25. Mohammad F. A. A, Reed R. H., Stewart W. D. P. 1983; The halophilic cyanobacterium Synechocystis DUN 52 and its osmotic responses. FEMS Microbiology Letters 16:287–290
    [Google Scholar]
  26. Norton R. S. 1979; Identification of mollusc metabolites by natural-abundance 13C NMR studies of whole tissue and tissue homogenates. Comparative Biochemistry and Physiology 63B:67–72
    [Google Scholar]
  27. Norton R. S. 1980; 13C NMR studies of intact cells and tissue. Bulletin of Magnetic Resonance 3:29–48
    [Google Scholar]
  28. Norton R. S., Mackay M. A., Borowitzka L. J. 1982; The physical state of osmoregulatory solutes in unicellular algae. A natural-abundance carbon-13 nuclear-magnetic-resonance relaxation study. Biochemical Journal 202:699–706
    [Google Scholar]
  29. Pollard A., Wyn JONES R. G. 1979; Enzyme activities in concentrated solutions of glycine betaine and other solutes. Planta 144:291–298
    [Google Scholar]
  30. Reed R. H., Collins J. C., Russell G. 1980; The effects of salinity upon galactosylglycerol content and concentration of the marine red alga Porphyra purpurea (Roth.) C. Ag. Journal of Experimental Botany 31:1539–1554
    [Google Scholar]
  31. Reed R. H., Richardson D. L., Warr S. R. C, Stewart W. D. P. 1984; Carbohydrate accumulation and osmotic stress in cyanobacteria. Journal of General Microbiology 130:1–4
    [Google Scholar]
  32. Reichelt J. L., Baumann P. 1974; Effect of sodium chloride on growth of heterotrophic marine bacteria. Archives of Microbiology 97:329–345
    [Google Scholar]
  33. Richardson D. L., Reed R. H., Stewart W. D. P. 1983; Synechocystis PCC 6803: a euryhaline cyanobacterium. FEMS Microbiology Letters 18:99–102
    [Google Scholar]
  34. Rippka R., Deruelles J., Waterbury J. B., Herdman M., Stanier R. Y. 1979; Generic assignments, strain histories and properties of pure cultures of cyanobacteria. Journal of General Microbiology 111:1–61
    [Google Scholar]
  35. Risk M., Gelber R., Knock S., Wood R. C. 1982; Osmoregulatory mechanisms of the meso- halophilic Dead Sea bacterium Ba1. In Biosaline Research: a Look to the Future pp. 539–544 San Pietro A. Edited by New York: Plenum Press;
    [Google Scholar]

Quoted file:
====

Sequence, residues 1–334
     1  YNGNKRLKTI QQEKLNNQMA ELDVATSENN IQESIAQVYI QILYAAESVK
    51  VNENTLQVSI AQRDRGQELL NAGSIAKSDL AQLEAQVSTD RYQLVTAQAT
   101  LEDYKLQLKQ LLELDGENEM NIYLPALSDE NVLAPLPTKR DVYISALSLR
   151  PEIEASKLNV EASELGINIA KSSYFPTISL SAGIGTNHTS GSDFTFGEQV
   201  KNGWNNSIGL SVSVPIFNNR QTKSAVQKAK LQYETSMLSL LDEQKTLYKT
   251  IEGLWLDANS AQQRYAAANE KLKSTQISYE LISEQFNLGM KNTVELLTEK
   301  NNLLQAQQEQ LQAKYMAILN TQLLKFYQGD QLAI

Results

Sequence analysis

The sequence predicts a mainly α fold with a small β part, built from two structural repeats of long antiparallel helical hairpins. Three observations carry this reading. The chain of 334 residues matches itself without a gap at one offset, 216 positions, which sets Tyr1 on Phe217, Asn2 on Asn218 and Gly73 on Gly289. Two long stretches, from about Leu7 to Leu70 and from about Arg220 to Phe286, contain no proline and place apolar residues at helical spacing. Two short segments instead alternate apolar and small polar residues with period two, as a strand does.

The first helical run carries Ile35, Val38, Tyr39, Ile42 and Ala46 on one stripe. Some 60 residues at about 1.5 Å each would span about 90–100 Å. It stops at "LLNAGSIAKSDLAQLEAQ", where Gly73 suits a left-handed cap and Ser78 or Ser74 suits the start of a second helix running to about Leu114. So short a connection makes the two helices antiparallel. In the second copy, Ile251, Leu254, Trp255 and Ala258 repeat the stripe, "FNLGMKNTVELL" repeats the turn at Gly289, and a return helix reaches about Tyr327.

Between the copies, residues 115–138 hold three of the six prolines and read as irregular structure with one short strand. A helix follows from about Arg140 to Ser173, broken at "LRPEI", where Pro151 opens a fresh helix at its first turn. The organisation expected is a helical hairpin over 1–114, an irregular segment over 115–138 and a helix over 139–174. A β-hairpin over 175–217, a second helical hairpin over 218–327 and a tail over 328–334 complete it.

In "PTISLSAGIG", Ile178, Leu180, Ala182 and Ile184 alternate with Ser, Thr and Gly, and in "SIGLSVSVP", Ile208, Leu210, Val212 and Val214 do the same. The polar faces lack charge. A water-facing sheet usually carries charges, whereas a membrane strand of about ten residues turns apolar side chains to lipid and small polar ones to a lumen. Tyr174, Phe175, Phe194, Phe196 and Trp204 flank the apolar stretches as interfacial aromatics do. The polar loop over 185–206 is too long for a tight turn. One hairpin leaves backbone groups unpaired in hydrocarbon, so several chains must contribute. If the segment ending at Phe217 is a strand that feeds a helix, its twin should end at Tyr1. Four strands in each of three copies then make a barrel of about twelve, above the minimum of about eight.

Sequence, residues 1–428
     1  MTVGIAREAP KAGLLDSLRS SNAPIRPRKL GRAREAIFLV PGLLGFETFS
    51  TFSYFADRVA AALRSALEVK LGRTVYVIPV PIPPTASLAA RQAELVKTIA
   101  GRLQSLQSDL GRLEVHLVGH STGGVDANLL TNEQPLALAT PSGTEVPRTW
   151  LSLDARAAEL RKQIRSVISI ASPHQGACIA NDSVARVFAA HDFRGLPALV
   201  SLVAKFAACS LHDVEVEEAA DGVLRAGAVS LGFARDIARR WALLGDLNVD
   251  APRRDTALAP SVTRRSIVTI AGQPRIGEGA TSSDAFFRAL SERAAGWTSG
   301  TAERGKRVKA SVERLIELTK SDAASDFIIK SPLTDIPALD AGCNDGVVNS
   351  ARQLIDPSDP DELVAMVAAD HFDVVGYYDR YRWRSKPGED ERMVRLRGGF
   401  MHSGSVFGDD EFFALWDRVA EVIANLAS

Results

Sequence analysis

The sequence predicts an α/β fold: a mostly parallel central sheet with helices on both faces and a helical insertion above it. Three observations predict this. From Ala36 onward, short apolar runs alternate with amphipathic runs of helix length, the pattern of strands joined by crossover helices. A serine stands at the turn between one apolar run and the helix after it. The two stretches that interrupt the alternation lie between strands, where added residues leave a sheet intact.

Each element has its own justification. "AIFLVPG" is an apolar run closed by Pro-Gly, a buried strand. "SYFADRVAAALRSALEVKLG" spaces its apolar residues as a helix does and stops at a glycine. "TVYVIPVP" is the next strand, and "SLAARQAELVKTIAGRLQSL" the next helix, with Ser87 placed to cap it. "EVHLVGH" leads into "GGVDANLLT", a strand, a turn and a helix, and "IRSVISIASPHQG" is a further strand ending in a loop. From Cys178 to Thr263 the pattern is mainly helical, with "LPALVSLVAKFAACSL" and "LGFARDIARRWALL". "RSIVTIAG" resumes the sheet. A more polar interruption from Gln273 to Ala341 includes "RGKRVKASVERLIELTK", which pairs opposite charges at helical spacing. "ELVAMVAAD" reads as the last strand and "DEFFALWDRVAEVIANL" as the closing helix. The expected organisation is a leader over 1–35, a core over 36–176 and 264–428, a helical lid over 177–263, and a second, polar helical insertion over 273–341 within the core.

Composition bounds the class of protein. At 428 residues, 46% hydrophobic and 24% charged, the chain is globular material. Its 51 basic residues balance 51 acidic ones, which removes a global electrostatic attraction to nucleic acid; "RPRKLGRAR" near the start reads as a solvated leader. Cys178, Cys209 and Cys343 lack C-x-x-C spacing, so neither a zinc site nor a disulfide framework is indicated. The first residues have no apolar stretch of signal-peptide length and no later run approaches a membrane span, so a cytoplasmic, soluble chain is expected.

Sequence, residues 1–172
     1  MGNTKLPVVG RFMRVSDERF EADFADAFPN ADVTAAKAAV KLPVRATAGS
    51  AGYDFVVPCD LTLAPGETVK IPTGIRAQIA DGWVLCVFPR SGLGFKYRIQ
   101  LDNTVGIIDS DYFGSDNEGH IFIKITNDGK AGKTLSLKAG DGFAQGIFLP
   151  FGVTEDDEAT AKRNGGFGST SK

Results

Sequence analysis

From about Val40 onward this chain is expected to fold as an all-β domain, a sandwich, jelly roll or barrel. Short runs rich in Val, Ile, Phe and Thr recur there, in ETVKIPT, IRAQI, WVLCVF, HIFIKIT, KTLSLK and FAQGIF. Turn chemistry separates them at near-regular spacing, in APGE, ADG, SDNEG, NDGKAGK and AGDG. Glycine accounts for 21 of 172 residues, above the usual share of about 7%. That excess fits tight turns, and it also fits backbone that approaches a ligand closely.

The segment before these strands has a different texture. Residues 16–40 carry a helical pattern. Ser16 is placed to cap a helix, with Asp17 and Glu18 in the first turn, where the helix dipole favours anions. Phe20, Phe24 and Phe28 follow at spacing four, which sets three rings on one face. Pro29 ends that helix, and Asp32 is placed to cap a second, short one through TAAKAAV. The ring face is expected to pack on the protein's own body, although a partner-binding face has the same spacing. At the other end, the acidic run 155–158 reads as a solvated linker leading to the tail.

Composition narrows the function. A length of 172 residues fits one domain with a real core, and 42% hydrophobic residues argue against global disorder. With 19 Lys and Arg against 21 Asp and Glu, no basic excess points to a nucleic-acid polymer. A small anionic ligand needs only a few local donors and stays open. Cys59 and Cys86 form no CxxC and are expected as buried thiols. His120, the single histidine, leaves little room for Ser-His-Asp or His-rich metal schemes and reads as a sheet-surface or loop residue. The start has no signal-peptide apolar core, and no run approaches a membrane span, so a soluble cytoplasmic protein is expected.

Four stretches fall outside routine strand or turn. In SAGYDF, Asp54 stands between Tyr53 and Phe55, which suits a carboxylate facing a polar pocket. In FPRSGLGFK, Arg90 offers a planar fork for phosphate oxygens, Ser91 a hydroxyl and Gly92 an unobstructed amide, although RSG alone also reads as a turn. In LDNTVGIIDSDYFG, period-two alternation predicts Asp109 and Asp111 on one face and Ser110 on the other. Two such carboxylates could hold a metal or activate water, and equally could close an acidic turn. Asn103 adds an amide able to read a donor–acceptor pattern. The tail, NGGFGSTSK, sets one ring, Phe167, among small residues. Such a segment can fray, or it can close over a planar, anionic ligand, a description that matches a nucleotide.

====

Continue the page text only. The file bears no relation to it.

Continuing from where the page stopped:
36. Rosenthal S. N., Fendler J. H. 197613 C NMR spectroscopy in macromolecular systems of biochemical interest. Advances in Physical Organic Chemistry 13:279–424
    [Google Scholar]
  37. Rozema J., Buizer D. A. G, Fabritus H. E. 1978; Population dynamics of Glaux maritima and ecophysiological adaptations to salinity and inundation. Oikos 30:539–548
    [Google Scholar]
  38. Simpson J. R. 1976 Water relations of the sugar- tolerant yeast, Saccharomyces rouxii. PhD thesis University of New South Wales; Australia:
    [Google Scholar]
  39. Stam W. T., Holleman H. C. 1975; The influence of different salinities on growth and morphological variability of a number of Phormidium strains (Cyanophyceae) in culture. Acta botanica neerlandica 24:379–390
    [Google Scholar]
  40. Stam W. T., Holleman H. C. 1979; Cultures of Phormidium, Plectonema, Lyngbya and Synechococ- cus (Cyanophyceae) under different conditions: their growth and morphological variability. Acta botanica neerlandica 28:45–66
    [Google Scholar]
  41. Stanier R. Y., Kunisawa R., Mandel M. 1971; Purification and properties of unicellular blue-green algae (order Chroococcales). Bacteriological Reviews 35:171–205
    [Google Scholar]
  42. Stewart W. D. P. 1964; Nitrogen fixation by Myxophyceae from marine environments. Journal of General Microbiology 36:415–422
    [Google Scholar]
  43. Storey R., Wyn JONES R. G. 1975; Betaine and choline levels in plants and their relationship to NaCl stress. Plant Science Letters 4:161–168
    [Google Scholar]
  44. Storey R., Wyn JONES R. G. 1977; Quaternary ammonium compounds in plants in relation to salt resistance. Phytochemistry 16:447–453
    [Google Scholar]
  45. Van BAALEN C. 1962; Studies on marine blue-green algae. Botanica marina 4:129–139
    [Google Scholar]
  46. Waterbury J. B., Stanier R. Y. 1978; Patterns of growth and development in pleurocapsalean cyanobacteria. Microbiological Reviews 42:2–44
    [Google Scholar]
  47. Wynjones R. G. 1980; An assessmentof quaternary ammonium and related compounds as osmotic effectors in crop plants. In Basic Life Sciences 14 Genetic Engineering of Osmoregulation: Impact on Plant Productivity for Food, Chemicals and Energy, pp. 155–170 Rains D. W., Valentine R. C., Hollaender A. Edited by New York: Plenum Press;
    [Google Scholar]
  48. Yopp J. H., Tindall D. R., Miller D. M., Schmid W. E. 1978a; Isolation, purification and evidence for a halophilic nature of the blue-green alga Aphanothece halophytica Frémy (Chroococ- cales). Phycologia 17:172–178
    [Google Scholar]
  49. Yopp J. H., Miller D. M., Tindall D. R. 1978b; Regulation of intracellular water potential in the halophilic blue-green alga Aphanothece halophytica (Chroococcales). In Energetics and Structure of Halophilic Microorganisms pp. 619–624 Caplan S. R., Ginzburg M. Edited by Amsterdam: Elsevier/ North Holland;
    [Google Scholar]
  50. Zobell C. 1963; Domain of the marine microbiologist. In Symposium on Marine Microbiology pp. 3–24 Paleg L. G., Aspinall D. Edited by New York: Academic Press; Paleg L. G., Aspinall D. Edited by New York: Academic Press; Oppenheimer C. H., Aspinall D. Edited by Springfield, Illinois: Charles C. Thomas;
    [Google Scholar]
http://instance.metastore.ingenta.com/content/journal/micro/10.1099/00221287-130-9-2177
Loading
/content/journal/micro/10.1099/00221287-130-9-2177
Loading

Data & Media loading...

This is a required field
Please enter a valid email address
Approval was a Success
Invalid data
An Error Occurred
Approval was partially successful, following selected items could not be processed due to error